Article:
(Photograph) - British industry is dipping deeper into its pockets in order to fund research in the old universities.
Government statistics show that industry spent Pounds 131.3 million on research grants and contracts in 1993/94, the latest year for which figures are available. That tops spending in the previous year by Pounds 8.9 million, and represents a 7.2 per cent in cash terms and a 4.8 per cent rise in real terms.
Cambridge received the most cash, Pounds 6.2 million. Nottingham, which came top last year when it accumulated even more industry research money than Cambridge this year, slipped to fourth. Newcomers in the top ten are Southampton and Manchester, at the expense of two Scottish universities, Edinburgh and Heriot-Watt.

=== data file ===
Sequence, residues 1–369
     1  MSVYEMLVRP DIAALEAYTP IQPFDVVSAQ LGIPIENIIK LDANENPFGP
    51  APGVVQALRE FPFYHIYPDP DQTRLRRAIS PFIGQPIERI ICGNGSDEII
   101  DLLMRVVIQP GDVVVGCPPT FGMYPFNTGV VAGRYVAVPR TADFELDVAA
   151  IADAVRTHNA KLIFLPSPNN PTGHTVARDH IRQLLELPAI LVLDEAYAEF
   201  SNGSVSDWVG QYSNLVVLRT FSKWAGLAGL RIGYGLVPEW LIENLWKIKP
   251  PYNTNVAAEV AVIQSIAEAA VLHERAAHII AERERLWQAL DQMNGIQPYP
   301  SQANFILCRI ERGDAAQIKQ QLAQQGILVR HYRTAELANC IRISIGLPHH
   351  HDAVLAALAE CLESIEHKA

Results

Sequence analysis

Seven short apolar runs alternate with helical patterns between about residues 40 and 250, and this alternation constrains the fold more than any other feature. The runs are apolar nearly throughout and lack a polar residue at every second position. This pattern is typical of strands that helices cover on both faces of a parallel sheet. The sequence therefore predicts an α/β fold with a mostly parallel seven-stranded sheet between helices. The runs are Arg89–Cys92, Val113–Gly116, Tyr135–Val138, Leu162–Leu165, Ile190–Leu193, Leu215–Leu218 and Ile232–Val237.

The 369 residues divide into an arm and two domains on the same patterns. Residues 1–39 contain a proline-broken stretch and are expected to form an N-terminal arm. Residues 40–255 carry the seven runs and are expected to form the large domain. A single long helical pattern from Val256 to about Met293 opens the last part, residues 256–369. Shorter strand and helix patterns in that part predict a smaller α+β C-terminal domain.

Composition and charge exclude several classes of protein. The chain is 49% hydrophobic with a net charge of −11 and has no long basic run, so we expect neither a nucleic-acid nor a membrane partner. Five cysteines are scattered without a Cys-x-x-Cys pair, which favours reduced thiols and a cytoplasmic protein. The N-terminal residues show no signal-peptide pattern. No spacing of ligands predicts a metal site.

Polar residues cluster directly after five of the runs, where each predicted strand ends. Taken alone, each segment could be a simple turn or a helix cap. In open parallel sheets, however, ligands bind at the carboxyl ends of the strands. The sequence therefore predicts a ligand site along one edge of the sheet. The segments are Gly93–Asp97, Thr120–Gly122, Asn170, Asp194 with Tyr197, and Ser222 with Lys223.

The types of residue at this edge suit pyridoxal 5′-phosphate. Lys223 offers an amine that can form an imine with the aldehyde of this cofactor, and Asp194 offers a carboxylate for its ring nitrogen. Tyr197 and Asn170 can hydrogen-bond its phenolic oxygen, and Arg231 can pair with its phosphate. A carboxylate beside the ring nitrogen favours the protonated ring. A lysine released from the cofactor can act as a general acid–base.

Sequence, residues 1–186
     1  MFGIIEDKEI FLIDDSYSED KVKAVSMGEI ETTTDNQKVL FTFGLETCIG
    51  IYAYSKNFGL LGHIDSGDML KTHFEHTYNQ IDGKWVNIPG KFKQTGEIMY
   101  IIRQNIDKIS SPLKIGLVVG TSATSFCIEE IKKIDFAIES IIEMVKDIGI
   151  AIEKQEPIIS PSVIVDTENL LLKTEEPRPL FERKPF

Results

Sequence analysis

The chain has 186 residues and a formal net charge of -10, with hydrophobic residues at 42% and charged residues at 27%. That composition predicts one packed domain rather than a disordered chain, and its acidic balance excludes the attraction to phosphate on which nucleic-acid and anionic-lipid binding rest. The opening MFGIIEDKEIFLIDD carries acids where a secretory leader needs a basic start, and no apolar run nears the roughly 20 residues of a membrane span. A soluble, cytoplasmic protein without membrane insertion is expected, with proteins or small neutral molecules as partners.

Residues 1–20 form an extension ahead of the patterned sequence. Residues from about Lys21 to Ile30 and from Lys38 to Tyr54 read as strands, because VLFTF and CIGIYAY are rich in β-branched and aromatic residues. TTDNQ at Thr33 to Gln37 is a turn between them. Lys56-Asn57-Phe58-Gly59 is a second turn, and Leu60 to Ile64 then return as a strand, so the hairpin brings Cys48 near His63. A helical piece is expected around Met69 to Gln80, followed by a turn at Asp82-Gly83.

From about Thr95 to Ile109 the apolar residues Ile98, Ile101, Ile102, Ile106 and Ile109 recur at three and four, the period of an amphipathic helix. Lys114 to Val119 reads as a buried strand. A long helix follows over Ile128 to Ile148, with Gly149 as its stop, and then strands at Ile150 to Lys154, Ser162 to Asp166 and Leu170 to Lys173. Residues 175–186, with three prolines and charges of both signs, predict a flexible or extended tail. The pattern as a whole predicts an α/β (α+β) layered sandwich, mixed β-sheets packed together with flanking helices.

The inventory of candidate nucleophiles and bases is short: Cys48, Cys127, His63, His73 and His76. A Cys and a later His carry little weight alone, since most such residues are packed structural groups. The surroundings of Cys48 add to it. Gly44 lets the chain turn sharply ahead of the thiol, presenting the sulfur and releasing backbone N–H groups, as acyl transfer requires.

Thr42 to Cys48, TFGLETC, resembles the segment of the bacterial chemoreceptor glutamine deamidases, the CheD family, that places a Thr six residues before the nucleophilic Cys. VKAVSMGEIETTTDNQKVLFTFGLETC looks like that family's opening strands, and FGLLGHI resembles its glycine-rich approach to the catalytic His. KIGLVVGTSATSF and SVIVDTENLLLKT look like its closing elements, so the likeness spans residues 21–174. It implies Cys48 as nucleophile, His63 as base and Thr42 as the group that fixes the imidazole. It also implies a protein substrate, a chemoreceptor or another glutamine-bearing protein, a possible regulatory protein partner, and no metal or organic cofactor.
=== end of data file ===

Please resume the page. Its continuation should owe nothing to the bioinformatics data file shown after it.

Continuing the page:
Over the past ten years, industry spending has risen by a staggering 116 per cent in real terms as universities have sought sources of income beyond the Government purse. This additional income has been supplemented by the increasing amount of money from endowments and donations, apparently the result of a growing American-style practice of educational philanthropy. In 1993/94, the old universities received Pounds 237.8 million, a real terms increase of 457 per cent. Other income streams have been developed, including residences and catering, which were not even identified as income sectors by the Universities Statistical Register ten years ago.
Universities now make more than Pounds 400 million, although only about Pounds 6 million works out to be actual profit. It is probable that the Government's new figure collecting group, the Higher Education Statistical Agency, which took over the operation of the now defunct USR earlier this year, will define some new industry-oriented categories, as well as collating comprehensive figures for old and new universities.
HESA is to publish its first report next year.